In the CRISPR-Cas system, an adaptive immune system of prokaryotes [181], Cas nuclease is directed by a single guide RNA (sgRNA) that recognizes a target DNA sequence flanked by a protospacer adjacent motif (PAM) and generates specific DSBs. Nuclease-induced DSBs can be repaired by the non-homologous end-joining (NHEJ) pathway, which leads to the introduction of insertion/deletion mutations (indels) of various lengths, or by homology-directed repair (HDR), which is useful to introduce specific point mutations or to insert desired sequences through recombination of the target locus using DNA ‘donor templates’ present at the moment of DSB formation [182].
Since the first application of genome editing in plants, much progress has been made in the development of CRISPR-based editing tools; numerous Cas variants and orthologs with specific PAMs have been discovered together with precise genome editing by base editors, expression systems for multiplexing, transcription regulation and epigenome editing [183].
In citrus, Jia and Wang [72] reported the first genome editing using the Cas9/sgRNA system and Xcc-facilitated agroinfiltration on Valencia orange. The delivery of Cas9 and sgRNA were accomplished with a particular agroinfiltration that consists of an initial inoculation of Xcc followed by an Agrobacterium infiltration on Valencia leaves; the target gene was the endogenous Citrus phytoene desaturase (CsPDS) gene, an enzyme required for the biosynthesis of carotenoid pigments that results in a white-colored (albino) phenotype when it is silenced or mutated [184]. The mutation rate was approximately 3.2–3.9%, with no off-target mutagenesis detected. Jia and Wang [73] applied the same strategy on Duncan grapefruit and, being a grapefruit hybrid between pummelo and sweet orange [185], they were able to apply the Cas9/sgRNA system to specifically modify one of the two CsPDS alleles of the variety.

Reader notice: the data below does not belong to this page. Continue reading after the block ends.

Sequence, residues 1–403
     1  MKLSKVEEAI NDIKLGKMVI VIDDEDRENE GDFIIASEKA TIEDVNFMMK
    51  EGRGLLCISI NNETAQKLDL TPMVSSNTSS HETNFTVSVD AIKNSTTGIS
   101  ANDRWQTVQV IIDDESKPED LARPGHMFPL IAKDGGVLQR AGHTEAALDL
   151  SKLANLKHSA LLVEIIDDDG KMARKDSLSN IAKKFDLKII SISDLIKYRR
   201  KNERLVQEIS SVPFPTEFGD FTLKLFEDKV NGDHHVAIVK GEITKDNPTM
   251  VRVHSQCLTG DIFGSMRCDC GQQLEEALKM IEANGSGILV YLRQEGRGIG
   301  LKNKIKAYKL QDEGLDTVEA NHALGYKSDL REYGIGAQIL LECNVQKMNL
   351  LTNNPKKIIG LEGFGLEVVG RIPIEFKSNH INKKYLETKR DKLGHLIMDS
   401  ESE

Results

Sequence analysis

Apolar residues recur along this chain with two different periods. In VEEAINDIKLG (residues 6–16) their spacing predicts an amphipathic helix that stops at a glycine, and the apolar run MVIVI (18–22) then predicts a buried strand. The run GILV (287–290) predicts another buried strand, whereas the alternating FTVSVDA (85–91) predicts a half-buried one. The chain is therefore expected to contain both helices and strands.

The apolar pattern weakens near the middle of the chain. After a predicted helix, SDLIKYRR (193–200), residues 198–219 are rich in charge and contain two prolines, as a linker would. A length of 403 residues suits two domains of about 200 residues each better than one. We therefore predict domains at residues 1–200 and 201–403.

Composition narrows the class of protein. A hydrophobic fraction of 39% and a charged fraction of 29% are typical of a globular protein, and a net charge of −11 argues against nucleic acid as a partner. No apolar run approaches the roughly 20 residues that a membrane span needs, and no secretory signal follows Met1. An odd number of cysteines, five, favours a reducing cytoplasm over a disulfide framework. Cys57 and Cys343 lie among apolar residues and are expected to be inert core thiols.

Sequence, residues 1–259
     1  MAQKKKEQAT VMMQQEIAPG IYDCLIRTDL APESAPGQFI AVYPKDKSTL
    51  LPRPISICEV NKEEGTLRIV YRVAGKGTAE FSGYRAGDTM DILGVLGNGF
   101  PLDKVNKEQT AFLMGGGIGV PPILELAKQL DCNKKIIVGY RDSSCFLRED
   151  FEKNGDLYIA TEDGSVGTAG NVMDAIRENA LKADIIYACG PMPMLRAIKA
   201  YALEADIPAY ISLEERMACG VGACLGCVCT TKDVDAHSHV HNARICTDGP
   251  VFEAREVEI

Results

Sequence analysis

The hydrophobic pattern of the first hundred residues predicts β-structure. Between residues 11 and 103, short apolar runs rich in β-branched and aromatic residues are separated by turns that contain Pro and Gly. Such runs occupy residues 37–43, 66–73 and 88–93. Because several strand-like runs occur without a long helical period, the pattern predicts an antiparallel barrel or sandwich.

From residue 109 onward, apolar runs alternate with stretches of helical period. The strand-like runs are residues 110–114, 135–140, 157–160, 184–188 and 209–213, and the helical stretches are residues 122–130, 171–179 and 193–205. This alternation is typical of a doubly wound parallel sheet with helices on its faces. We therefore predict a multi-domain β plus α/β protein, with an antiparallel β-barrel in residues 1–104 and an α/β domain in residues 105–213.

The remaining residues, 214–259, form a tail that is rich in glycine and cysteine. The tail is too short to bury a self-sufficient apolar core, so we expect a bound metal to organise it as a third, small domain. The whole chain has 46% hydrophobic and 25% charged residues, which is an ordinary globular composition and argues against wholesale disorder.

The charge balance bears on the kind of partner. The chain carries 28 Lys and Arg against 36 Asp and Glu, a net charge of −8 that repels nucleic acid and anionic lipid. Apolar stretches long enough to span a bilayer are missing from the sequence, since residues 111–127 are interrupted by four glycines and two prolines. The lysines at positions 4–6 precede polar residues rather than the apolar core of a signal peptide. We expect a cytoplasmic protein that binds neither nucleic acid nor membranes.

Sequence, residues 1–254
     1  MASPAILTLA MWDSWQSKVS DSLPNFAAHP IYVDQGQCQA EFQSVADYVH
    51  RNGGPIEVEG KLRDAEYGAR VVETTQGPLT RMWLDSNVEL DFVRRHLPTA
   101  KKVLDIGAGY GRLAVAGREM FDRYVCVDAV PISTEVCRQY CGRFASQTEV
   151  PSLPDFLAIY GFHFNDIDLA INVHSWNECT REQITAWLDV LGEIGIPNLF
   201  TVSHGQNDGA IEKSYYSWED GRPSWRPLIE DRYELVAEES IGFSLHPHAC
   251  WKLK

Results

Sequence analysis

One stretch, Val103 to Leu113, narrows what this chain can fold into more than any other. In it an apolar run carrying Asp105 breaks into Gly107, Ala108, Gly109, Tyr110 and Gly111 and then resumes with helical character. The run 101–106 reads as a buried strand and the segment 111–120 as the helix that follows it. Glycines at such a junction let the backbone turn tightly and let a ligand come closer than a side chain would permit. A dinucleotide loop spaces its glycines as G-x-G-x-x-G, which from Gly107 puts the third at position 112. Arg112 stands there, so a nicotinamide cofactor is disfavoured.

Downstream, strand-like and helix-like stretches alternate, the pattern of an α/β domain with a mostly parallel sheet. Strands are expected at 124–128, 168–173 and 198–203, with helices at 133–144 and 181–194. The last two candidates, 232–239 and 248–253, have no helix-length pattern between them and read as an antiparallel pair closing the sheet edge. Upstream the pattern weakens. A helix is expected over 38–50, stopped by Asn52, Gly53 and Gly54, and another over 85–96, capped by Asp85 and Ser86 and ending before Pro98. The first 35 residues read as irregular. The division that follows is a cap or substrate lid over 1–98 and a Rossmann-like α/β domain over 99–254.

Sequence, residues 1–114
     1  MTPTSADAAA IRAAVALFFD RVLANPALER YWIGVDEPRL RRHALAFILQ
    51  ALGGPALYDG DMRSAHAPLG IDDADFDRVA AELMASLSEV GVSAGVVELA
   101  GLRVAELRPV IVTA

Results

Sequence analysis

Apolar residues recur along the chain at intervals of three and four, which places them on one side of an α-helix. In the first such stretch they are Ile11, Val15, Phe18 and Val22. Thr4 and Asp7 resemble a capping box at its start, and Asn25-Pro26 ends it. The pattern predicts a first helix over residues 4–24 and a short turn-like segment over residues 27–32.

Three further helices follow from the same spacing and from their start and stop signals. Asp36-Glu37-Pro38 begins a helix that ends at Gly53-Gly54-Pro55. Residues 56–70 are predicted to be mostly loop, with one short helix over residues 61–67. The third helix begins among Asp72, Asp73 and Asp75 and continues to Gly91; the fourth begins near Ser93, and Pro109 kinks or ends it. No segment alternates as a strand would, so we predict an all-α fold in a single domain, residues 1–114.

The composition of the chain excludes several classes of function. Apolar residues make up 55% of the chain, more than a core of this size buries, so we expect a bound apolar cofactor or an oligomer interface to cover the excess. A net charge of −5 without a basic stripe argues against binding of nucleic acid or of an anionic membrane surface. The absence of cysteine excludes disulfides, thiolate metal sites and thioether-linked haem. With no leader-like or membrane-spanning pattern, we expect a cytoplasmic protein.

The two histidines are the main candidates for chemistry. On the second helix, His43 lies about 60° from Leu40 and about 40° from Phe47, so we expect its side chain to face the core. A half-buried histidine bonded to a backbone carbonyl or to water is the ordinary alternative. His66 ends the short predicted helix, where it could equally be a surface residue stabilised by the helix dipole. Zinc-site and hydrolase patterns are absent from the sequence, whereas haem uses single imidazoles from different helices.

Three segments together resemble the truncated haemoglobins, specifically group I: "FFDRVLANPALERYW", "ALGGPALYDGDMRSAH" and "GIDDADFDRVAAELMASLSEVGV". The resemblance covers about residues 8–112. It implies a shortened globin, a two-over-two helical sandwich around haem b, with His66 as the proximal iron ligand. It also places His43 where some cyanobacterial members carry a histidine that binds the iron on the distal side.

Subsequent application of genome editing has focused on editing genes involved in citrus disease resistance, especially in citrus canker.
Most of the studies were performed to target the CsLOB1 gene (C. sinensis Lateral Organ Boundaries 1), a disease-susceptibility gene upregulated by PthA4, a transcription activator-like effector of Xcc [186,187], in particular to target the effector binding elements (EBEs) of PthA4, which are located in the promoter of the CsLOB1 gene (EBEPthA4-CsLOBP), and should confer resistance to the disease without losing CsLOB1 function.
Peng et al. [188] edited Wanjincheng orange using 5 different constructs to modify different regions along EBEPthA4-CsLOBP; through the transformation of epicotyl segments, they obtained 16 lines (42% TE) with EBEPthA4 modifications and 4 mutation lines that showed enhanced resistance to citrus canker.